Easier Scanning in Gnome..

XSane’s a great piece of software for scanning on Linux, but suffers from over complexity for new users & it doesn’t really fit in with the rest of your Gnome programs when it comes down to the looks department.

Gnome Scan is software that was originally developed as part of the 2006 Google Summer of Code. This is another project that I’ve been keeping an eye on for a while, just waiting for it to mature enough before recommending it to you guys. I’ve only tested the 0.4.1 version as that was the one in the Ubuntu repository (still is) and the newest version is 0.5.2. I’ll try and find a newer .deb for testing when time permits.

This version will scan fine to PNG, JPEG and TIFF formats, but the scan to PDF option doesn’t fully work yet. It’s a shame as the scan to PDF feature is one of the most useful options in this software. With having no controls for changing colours etc. it’s not as well suited to scanning photographs as XSane, but the simplicity makes it perfect for quick scanning documents for friends or work mates.

This is the main program window..


It doesn’t take a genius to figure out the options for this program. The developer has taken great lengths to keep the software as simple & straight forward to use as possible. Some options are even hidden until you choose a certain option, then it allows them to be changed.

EXAMPLE: If you choose the scanning feature from within Gimp (File, Acquire, Scan …), the option to save won’t even show up in the program and you will instead be presented with the option to scan straight to a layer within Gimp itself.

Getting Started (Stand-Alone Mode):

Click on the scanner that you want to use from the list of detected hardware, choose what you want to do with the image after you’ve captured it (where to save it and what type of image format to use etc.), click on the Advanced tab to set what resolution you’d like (normally 300dpi) and click on the preview tab to select what part of the image you want to scan..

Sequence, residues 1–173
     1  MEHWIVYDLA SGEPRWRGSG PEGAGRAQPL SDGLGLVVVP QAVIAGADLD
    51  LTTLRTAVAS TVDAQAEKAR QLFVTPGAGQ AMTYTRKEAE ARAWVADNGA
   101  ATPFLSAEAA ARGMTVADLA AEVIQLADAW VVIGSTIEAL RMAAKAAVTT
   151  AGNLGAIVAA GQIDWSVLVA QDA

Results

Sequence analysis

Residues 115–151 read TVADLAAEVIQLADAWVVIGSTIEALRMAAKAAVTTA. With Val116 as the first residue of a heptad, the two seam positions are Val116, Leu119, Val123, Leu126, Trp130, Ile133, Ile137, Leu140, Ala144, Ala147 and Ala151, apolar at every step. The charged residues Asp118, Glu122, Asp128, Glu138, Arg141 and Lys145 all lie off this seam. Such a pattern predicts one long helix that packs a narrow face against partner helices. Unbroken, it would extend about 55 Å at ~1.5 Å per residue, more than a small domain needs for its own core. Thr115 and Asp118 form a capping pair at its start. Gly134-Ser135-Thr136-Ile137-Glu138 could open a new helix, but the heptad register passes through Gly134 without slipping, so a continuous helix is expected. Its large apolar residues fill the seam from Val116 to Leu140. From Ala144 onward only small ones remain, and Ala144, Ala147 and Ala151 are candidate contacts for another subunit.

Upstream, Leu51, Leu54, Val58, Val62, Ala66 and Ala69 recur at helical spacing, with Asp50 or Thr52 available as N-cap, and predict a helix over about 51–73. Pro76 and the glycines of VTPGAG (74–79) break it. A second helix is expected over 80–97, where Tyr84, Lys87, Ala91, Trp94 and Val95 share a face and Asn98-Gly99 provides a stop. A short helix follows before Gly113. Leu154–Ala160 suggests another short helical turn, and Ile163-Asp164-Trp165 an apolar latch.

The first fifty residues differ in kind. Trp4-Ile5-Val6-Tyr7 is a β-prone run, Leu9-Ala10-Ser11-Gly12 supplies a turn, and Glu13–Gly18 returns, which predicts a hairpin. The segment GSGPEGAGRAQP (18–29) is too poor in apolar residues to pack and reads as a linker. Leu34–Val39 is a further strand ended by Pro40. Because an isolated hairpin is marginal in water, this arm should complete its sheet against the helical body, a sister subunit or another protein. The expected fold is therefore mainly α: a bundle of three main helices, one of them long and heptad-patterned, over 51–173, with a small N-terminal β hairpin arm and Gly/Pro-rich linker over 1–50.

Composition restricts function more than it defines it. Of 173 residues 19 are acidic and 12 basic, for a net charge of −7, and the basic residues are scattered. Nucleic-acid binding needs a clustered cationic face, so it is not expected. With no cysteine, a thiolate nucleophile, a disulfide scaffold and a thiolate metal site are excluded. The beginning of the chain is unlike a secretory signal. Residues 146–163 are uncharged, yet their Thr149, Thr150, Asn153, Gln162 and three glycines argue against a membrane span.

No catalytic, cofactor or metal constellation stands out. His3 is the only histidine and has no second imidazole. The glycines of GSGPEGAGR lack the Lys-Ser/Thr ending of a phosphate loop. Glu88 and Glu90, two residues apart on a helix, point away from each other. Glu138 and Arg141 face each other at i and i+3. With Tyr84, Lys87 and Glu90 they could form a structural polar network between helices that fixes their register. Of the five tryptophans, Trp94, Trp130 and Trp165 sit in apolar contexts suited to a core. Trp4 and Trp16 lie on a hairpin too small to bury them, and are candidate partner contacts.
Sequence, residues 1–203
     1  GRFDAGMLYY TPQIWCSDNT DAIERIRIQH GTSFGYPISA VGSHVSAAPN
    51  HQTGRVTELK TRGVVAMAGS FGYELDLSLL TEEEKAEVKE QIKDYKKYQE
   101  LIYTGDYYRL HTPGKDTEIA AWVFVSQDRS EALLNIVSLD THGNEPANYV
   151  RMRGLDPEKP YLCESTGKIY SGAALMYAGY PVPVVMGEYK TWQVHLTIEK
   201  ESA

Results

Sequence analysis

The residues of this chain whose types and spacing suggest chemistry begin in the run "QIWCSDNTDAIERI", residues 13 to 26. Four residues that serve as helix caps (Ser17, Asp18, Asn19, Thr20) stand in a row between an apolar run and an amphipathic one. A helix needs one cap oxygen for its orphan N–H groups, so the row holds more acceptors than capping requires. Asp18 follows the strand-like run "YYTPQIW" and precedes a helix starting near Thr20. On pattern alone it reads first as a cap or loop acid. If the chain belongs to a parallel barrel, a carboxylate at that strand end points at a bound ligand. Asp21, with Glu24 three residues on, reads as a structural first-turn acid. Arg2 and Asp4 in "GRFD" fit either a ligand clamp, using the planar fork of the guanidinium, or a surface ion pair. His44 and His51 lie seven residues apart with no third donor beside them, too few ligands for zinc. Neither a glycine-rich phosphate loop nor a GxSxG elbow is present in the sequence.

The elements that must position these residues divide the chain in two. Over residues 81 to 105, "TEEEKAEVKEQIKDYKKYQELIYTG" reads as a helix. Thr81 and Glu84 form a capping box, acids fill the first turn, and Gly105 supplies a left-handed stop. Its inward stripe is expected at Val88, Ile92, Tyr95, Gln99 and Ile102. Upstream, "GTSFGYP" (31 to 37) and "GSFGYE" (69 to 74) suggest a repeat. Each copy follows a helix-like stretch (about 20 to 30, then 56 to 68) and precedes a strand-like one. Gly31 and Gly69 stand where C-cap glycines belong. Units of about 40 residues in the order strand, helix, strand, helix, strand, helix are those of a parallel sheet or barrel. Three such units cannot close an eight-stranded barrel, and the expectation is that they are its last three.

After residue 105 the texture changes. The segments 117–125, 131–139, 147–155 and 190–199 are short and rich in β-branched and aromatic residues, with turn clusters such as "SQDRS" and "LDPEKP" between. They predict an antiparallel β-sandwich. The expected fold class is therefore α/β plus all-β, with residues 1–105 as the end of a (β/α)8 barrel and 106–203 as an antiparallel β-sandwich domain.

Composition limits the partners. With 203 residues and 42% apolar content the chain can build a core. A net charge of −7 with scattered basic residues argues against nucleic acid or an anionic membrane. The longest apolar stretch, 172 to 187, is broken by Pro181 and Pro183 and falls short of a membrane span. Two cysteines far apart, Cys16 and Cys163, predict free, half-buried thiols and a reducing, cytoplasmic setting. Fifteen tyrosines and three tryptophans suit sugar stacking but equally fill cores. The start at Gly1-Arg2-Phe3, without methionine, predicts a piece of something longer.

If the preview image isn’t already present in the window then click on the Refresh button to acquire it. It would be nice if it did this automatically, but it’s not really a big deal to do it yourself. The boundary box can be used to select the region for scanning. Just left click and hold on any of the little squares and drag until all the wanted image is inside the dotted lines. Then all you need to do is press Scan..


The good thing about this software is that you can still choose to use XSane if you want to. Both programs will live on your system quite happily together.

To install, either open up a terminal and enter..

sudo apt-get install gnomescan

or search for gnomescan in your package manager.

Once installed, you should be able to find its shortcut in the Gnome menu under the Graphics section and it’s named Scanner Utility.

I really hope they update this to the newest version soon 🙂


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